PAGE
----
The scope of its review is not limited to registered UN vendors; it also extends to vendors seeking to register with, the UN (Vendors) and encompasses companies as well as individuals. The fraudulent, corrupt and unethical behavior can relate to investigation, accusation conviction or litigation in which the Vendor is alleged to have, or did engage in a fraudulent, corrupt or unethical practice. If you are interested in knowing more about the SVRC, read its terms of reference at Senior Vendor Review Committee (SVRC) - Terms of Reference.


Communication and Outreach

Vendors are now being put on notice that that the UN will not tolerate unethical behavior especially if resulting in violations to the UN Supplier Code of Conduct (articles 19-22).

Recently, the ARB/SVRC Secretariat has created a separate Community of Practice (COP) for the experts, as a platform for hosting internal discussions and to store documents, articles and other information. Efforts are underway to develop a website for the Administrative Review Board and the Senior Vendor Review Committee.
 
Finally, a high interest was expressed by the international community to know more about the UN administrative review boards (ARB and SVRC) in the framework of the pilot programme.  As a result of a joint initiative with the Procurement Division and the HCC which is hosting the ARB/SVRC secretariat, a recent paper titled “Procurement reform at the United Nations: Launching a Pilot Programme to Promote Fairness, Transparency and Efficiency” was successfully submitted and accepted after peer-review by the Scientific Committee for presentation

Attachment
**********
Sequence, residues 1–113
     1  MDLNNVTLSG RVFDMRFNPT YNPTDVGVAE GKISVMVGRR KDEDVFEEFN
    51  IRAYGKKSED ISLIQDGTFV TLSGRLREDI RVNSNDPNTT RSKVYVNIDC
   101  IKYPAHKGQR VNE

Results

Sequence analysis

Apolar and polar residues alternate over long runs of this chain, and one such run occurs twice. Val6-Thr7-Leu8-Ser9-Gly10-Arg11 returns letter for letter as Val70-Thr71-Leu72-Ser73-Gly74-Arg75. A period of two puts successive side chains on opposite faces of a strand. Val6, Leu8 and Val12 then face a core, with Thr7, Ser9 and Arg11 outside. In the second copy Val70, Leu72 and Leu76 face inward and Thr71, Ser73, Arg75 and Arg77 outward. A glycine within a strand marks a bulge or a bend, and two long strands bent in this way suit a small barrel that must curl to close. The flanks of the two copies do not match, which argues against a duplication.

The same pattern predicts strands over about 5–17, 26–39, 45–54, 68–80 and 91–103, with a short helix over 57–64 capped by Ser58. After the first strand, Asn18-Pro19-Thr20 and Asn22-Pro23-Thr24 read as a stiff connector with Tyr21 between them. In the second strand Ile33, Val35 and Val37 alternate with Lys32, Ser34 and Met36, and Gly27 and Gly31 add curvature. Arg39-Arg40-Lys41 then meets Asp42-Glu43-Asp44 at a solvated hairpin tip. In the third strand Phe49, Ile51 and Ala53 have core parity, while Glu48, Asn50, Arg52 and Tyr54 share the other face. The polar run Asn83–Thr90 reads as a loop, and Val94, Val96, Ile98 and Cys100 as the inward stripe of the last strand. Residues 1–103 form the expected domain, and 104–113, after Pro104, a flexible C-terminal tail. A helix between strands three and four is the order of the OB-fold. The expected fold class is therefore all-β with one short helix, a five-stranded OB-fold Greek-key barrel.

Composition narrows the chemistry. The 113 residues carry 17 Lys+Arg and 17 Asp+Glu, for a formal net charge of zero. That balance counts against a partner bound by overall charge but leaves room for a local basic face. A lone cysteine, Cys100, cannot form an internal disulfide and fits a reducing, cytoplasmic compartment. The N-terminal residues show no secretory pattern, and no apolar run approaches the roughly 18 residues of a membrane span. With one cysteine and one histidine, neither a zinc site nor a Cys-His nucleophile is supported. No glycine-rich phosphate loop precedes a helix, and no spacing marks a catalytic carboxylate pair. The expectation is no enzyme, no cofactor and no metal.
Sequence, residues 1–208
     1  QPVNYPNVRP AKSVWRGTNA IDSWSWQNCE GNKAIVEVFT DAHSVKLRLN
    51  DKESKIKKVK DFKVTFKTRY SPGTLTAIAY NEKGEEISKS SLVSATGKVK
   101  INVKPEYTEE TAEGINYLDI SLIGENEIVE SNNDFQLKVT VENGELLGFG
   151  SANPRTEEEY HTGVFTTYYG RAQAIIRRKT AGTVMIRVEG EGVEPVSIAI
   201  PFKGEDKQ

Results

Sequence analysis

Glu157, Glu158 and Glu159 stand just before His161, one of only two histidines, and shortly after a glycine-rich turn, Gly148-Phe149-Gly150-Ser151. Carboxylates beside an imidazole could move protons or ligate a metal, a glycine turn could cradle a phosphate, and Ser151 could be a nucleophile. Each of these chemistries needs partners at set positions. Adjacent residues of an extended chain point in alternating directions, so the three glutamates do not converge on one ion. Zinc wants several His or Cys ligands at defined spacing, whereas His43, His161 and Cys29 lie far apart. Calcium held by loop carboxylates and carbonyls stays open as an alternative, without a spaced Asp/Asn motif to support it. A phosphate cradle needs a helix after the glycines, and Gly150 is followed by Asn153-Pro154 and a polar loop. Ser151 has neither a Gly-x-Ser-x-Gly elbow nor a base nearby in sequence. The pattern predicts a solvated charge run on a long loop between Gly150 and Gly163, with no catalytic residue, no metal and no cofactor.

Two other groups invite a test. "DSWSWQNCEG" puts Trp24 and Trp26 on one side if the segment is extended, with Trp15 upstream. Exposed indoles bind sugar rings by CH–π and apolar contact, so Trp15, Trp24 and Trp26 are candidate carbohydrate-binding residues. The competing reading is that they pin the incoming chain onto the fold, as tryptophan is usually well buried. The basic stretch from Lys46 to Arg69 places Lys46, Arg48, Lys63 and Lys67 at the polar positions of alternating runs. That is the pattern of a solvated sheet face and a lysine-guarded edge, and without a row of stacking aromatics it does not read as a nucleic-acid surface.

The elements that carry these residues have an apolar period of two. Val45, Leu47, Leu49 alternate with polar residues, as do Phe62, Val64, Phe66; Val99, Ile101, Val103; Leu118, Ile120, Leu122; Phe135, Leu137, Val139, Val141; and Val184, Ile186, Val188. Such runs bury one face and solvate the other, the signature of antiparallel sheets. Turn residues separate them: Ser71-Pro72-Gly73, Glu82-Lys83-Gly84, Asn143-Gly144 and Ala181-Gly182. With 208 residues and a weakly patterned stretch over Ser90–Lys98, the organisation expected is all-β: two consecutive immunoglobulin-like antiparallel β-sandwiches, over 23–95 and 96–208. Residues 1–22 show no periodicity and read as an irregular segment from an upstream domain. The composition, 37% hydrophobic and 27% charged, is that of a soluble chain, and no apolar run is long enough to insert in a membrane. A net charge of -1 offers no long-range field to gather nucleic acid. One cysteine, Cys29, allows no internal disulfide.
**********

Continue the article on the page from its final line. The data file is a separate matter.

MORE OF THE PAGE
The IPPC is a forum for sharing knowledge, innovations and existing practices of public procurement among practitioners, researchers and academia.

The paper will be presented on the panel “best practices” at the IV International Public Procurement Conference (IPPC) on August 26-28, 2010 in Seoul, Korea. In the course of the Conference we expect to obtain useful comments and recommendations for further improvements, and raise overall awareness of the new UN review bodies, SVRC and ARB.  Following the IPP Conference, the paper will be published and be made publicly available, (for further information please see www.ippc2010.kr ).